The discovery of a system of seven Earth-sized planets just 40 light-years away was made possible by a team of astronomers from across the world.
The research, published in Nature, was led by the STAR Institute at the University of Liège. It used orbiting NASA Spitzer Space Telescope in addition to ground-based facilities including the Liverpool Telescope, owned and operated by the Liverpool John Moores University Astrophysics Research Institute (ARI).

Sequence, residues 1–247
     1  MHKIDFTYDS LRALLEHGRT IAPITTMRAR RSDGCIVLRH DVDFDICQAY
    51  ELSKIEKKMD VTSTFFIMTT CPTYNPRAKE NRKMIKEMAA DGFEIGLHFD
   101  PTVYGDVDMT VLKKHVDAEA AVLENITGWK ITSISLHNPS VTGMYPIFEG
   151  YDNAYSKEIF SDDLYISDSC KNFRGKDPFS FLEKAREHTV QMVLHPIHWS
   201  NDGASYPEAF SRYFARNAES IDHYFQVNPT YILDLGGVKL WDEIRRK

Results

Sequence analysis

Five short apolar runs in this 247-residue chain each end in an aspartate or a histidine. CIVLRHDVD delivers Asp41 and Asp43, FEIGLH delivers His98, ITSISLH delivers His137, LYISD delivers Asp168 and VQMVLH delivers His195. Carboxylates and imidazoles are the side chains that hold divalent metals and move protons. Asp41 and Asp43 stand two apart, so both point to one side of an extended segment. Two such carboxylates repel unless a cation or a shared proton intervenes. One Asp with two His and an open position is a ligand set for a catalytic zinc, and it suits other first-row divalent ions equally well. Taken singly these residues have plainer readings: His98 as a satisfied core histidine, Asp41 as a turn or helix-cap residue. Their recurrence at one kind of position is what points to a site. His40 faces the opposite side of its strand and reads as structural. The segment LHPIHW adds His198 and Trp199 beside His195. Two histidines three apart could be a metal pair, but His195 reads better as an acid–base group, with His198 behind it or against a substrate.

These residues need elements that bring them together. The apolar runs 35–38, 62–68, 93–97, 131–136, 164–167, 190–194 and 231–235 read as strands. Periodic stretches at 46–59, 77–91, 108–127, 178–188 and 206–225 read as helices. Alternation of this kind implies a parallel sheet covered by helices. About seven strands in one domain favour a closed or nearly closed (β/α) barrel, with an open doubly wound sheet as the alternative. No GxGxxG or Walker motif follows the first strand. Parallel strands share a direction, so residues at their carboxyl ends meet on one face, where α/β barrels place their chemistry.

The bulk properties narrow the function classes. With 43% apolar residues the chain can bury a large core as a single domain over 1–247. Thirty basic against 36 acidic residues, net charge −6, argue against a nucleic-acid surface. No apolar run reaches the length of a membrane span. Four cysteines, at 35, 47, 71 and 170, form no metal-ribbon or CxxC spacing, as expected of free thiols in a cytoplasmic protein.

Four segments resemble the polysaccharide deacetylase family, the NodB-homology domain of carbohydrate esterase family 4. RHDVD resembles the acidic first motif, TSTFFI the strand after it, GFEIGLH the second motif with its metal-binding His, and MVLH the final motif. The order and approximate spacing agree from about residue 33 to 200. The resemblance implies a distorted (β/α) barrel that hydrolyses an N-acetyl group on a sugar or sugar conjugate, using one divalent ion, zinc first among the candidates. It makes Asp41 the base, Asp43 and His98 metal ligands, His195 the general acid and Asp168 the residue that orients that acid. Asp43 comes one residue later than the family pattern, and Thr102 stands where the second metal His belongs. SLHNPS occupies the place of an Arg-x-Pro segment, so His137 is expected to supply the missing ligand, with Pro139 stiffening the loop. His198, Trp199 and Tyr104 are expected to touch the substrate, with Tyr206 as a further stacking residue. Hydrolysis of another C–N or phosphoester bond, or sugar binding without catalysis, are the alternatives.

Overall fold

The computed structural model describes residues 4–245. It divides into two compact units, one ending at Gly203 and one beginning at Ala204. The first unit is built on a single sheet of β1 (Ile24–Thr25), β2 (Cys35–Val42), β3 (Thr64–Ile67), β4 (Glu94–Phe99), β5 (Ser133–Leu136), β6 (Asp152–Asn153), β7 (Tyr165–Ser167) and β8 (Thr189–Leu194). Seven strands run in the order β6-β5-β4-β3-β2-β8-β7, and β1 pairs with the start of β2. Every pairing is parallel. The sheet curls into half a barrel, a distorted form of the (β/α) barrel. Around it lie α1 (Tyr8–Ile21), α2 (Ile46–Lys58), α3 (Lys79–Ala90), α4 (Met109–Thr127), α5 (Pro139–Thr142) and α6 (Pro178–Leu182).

The Liverpool Telescope helped to detect the planets as they passed in front of their parent star, the ultracool dwarf star known as TRAPPIST-1. At least three of the planets could harbour oceans of water on their surfaces, increasing the possibility that the star system may play host to life. This system has both the largest number of Earth-sized planets yet found, making it a key object for future study.